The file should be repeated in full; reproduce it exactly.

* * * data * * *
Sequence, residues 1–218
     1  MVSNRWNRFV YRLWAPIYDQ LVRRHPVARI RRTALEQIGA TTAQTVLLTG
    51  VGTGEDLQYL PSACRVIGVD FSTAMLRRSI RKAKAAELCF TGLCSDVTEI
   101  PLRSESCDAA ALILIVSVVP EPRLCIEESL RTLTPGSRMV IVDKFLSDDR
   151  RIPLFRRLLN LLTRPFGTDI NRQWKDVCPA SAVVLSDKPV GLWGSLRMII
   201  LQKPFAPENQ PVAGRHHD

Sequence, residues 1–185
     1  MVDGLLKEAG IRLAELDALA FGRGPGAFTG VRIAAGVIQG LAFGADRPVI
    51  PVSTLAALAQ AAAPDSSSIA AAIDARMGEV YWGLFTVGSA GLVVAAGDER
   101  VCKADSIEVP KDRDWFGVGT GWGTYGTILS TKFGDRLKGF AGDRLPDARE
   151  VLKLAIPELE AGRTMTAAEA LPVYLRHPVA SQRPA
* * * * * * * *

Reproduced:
Sequence, residues 1–218
     1  MVSNRWNRFV YRLWAPIYDQ LVRRHPVARI RRTALEQIGA TTAQTVLLTG
    51  VGTGEDLQYL PSACRVIGVD FSTAMLRRSI RKAKAAELCF TGLCSDVTEI
   101  PLRSESCDAA ALILIVSVVP EPRLCIEESL RTLTPGSRMV IVDKFLSDDR
   151  RIPLFRRLLN LLTRPFGTDI NRQWKDVCPA SAVVLSDKPV GLWGSLRMII
   201  LQKPFAPENQ PVAGRHHD

Sequence, residues 1–185
     1  MVDGLLKEAG IRLAELDALA FGRGPGAFTG VRIAAGVIQG LAFGADRPVI
    51  PVSTLAALAQ AAAPDSSSIA AAIDARMGEV YWGLFTVGSA GLVVAAGDER
   101  VCKADSIEVP KDRDWFGVGT GWGTYGTILS TKFGDRLKGF AGDRLPDARE
   151  VLKLAIPELE AGRTMTAAEA LPVYLRHPVA SQRPA